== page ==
January 30, 2016
Stay away and the rodents play…
It started with firing up the old Jeep on the first day in Baja after a 4 month leave. Upon opening the glove box to discover a fluffy nest, opened ketchup packages and shredded napkins a loud grinding sound belched out from the air conditioner – a glutenous meal had by the fan.
An eerie silence followed… dead fan equals dead rodent.
The poor mouse – once fat and happy – belly full of ketchup – slipped to an untimely death. Good news though – maggots were fat and happy. Fan now working.
We use Vonage (internet connected telephone) when we are in Baja – it allows unlimited phone calls to the USA for a low monthly price. Calls since arriving were sketchy at best.”I can’t hear you.” “Are you moving around?” “I only hear every 3rd word.”
I picked up our local phone to call the internet provider for assistance and the phone line was dead.
The Telmex service man checked the box at the street and found the telephone line had been completely sliced in half and the internet line was dangling – fluffy nest in the corner of the utility box. No ketchup packages. No nada.
Victory for the local phone – internet still sketchy.
We headed South to the quaint pueblo of Cabo Pulmo, host to the biggest protected coral reef in Baja, to go diving. We gathered up all of our gear – BCDs, regulators, dive computers,snorkels, masks, fins and wetsuits.
A struggle of sorts always ensues when getting into these tight thick neoprene skins – the tighter the warmer.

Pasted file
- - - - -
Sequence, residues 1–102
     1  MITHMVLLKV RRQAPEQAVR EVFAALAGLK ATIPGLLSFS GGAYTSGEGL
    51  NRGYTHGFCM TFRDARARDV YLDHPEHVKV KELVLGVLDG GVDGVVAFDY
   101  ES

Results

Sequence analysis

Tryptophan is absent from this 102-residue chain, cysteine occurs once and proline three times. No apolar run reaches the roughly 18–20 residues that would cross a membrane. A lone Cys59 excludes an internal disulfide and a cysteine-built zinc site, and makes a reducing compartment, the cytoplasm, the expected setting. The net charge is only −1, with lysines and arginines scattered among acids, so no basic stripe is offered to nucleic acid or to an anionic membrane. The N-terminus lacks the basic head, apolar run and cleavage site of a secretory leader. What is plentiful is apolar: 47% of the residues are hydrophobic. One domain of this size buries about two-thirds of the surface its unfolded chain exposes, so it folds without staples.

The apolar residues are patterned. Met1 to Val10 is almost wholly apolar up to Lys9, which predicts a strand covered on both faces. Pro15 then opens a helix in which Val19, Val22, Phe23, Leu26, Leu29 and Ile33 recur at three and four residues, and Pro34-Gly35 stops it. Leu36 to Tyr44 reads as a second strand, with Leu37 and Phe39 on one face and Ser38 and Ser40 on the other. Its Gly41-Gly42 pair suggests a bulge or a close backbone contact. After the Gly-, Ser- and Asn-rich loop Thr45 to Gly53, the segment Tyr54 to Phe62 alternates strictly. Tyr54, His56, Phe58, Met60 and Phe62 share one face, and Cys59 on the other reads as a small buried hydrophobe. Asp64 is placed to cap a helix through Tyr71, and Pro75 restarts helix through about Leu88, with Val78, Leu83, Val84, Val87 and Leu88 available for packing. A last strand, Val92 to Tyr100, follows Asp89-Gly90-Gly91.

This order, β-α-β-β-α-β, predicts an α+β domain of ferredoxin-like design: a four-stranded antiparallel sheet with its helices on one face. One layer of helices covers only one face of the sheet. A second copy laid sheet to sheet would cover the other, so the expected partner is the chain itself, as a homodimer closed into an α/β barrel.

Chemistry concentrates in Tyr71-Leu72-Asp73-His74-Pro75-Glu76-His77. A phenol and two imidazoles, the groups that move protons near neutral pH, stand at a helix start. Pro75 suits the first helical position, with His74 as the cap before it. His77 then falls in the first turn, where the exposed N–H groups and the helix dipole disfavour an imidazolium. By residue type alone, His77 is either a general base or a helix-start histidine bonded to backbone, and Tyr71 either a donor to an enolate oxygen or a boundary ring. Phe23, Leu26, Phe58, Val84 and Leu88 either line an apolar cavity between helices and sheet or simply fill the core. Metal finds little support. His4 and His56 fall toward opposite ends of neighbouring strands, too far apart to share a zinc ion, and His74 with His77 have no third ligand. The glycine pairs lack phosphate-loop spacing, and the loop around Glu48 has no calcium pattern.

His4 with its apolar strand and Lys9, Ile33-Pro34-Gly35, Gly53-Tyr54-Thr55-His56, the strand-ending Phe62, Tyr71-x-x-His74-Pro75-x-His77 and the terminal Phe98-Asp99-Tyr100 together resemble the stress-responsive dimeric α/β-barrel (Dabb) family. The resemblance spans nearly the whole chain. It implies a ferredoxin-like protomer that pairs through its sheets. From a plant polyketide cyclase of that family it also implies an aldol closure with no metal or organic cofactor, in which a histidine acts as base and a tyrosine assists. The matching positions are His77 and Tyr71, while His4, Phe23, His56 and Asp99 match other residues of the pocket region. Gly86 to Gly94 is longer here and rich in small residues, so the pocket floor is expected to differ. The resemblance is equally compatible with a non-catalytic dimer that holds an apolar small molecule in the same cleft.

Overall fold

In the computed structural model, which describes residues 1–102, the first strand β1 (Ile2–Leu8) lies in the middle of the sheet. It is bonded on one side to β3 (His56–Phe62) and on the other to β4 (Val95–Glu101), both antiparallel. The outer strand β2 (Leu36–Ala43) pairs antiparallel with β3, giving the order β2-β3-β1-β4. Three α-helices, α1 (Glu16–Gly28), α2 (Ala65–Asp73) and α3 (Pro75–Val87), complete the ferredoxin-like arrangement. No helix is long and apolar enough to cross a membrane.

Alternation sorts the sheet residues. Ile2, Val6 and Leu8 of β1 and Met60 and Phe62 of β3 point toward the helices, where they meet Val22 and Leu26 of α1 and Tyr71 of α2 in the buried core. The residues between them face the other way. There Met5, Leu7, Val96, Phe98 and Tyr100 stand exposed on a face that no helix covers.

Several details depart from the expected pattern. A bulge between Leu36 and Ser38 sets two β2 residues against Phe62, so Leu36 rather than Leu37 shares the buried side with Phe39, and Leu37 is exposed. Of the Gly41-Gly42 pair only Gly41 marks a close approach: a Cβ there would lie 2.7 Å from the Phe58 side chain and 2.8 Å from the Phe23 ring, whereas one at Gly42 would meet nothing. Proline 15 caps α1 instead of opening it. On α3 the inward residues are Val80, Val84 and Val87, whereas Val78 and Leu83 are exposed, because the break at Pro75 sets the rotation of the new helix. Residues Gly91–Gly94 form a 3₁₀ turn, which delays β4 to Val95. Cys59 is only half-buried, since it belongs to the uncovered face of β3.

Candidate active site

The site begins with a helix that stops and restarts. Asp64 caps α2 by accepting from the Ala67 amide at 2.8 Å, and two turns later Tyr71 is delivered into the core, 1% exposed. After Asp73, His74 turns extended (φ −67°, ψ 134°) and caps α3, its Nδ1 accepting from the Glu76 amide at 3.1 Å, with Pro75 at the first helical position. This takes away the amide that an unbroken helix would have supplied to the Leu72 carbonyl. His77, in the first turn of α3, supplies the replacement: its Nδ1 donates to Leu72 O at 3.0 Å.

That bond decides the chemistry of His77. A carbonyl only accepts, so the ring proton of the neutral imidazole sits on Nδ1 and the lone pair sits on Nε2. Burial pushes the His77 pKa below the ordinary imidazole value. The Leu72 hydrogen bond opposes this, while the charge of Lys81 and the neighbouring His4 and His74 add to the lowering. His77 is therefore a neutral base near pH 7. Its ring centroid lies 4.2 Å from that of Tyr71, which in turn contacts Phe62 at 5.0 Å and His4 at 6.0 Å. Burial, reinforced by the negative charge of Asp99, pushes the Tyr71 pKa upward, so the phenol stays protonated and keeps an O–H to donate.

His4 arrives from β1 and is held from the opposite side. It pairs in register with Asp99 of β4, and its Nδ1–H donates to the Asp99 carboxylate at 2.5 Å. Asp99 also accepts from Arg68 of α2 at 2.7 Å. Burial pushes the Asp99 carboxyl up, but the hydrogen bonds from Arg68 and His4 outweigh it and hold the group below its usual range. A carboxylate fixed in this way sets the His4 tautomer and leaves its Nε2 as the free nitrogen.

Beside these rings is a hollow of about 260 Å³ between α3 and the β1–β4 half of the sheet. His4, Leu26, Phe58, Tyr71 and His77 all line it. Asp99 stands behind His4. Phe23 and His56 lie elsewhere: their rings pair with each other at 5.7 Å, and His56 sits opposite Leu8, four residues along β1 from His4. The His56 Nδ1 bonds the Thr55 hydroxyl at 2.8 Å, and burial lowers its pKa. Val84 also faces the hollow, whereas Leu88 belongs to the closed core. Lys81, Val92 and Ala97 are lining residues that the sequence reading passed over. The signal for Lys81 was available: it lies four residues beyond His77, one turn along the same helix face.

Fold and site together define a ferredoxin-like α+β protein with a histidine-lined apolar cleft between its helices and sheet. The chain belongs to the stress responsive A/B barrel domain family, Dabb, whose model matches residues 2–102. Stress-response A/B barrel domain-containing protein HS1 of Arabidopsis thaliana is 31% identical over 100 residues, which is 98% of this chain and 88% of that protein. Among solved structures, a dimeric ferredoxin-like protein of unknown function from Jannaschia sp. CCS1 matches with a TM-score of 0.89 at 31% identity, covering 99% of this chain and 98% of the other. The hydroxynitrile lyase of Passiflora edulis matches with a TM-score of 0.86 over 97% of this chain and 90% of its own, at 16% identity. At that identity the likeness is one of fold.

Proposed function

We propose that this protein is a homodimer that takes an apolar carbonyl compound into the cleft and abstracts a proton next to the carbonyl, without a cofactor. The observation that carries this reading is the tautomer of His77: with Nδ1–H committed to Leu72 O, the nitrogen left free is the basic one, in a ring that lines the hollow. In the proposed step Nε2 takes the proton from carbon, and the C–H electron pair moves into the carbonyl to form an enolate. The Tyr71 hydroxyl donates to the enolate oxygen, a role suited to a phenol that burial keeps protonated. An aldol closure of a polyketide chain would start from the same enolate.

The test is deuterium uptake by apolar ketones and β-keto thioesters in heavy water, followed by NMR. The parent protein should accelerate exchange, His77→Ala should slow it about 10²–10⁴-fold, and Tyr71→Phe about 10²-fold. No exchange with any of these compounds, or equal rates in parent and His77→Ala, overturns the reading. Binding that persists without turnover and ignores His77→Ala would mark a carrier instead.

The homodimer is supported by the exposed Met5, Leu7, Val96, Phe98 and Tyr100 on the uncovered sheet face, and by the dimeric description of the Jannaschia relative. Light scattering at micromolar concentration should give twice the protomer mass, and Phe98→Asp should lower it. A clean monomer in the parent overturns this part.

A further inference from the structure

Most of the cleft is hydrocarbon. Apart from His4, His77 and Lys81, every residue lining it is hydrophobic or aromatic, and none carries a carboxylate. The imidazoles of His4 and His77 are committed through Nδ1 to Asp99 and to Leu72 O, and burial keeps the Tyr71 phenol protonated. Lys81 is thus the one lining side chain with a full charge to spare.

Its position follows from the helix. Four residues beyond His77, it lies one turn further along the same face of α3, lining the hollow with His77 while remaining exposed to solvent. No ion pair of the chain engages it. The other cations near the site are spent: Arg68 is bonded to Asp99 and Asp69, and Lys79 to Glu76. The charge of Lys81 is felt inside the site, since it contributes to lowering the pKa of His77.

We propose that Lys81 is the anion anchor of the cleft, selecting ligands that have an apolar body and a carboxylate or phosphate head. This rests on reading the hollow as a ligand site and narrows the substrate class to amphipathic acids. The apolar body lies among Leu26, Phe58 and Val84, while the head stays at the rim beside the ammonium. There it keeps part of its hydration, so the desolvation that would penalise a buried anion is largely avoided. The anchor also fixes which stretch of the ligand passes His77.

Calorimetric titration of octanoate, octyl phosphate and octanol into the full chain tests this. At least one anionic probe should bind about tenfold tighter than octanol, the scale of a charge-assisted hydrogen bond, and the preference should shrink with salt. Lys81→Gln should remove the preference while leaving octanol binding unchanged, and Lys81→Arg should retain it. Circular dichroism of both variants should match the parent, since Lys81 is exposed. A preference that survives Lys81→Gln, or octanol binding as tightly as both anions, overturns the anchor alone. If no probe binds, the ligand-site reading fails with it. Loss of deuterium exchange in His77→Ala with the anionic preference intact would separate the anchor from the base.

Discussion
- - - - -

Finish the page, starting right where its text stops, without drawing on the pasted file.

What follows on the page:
Creature of habit – I started with my right foot – unbeknownst to me the bottom of the leg was turned inside – a lazy “put away” job from the last dive. White knuckled and red in the face I pushed my foot firmly into the leg of my wetsuit. After a few moments of struggling my foot shot out of the leg surrounded by….. all at once…..a mouse nest.
Panic ensued followed by giggles.
Would you like them in a house?
Would you like them with a mouse?
I do not like them in a house.
I do not like them with a mouse.
I do not like them here or there.
I do not like them anywhere.
Welcome to the crisp autumn air in Northern Nevada from the warm coastal breezes of Baja Sur in just a matter of hours.
San Jose del Cabo, BCS, Mexico
We know they day of the dead is fast approaching when the stores fill up with silk flowers.
Ceremonialized on the 1st and 2nd of November – it is a time for the family to assemble and remember loved ones who have died.
Drive by any cemetery in Mexico and the grave sites pop with color like Skittles in your palm.
Included in this annual celebration is a gathering at the cemetery to clean the grave site, adorn it with silk flowers and favorite items enjoyed by departed loved ones.
A sad but joyous occasion.
However, lingering near all this color lurks a dark side, the forgotten and discarded.
El día que muiró la flor de seda – the day the silk flower died.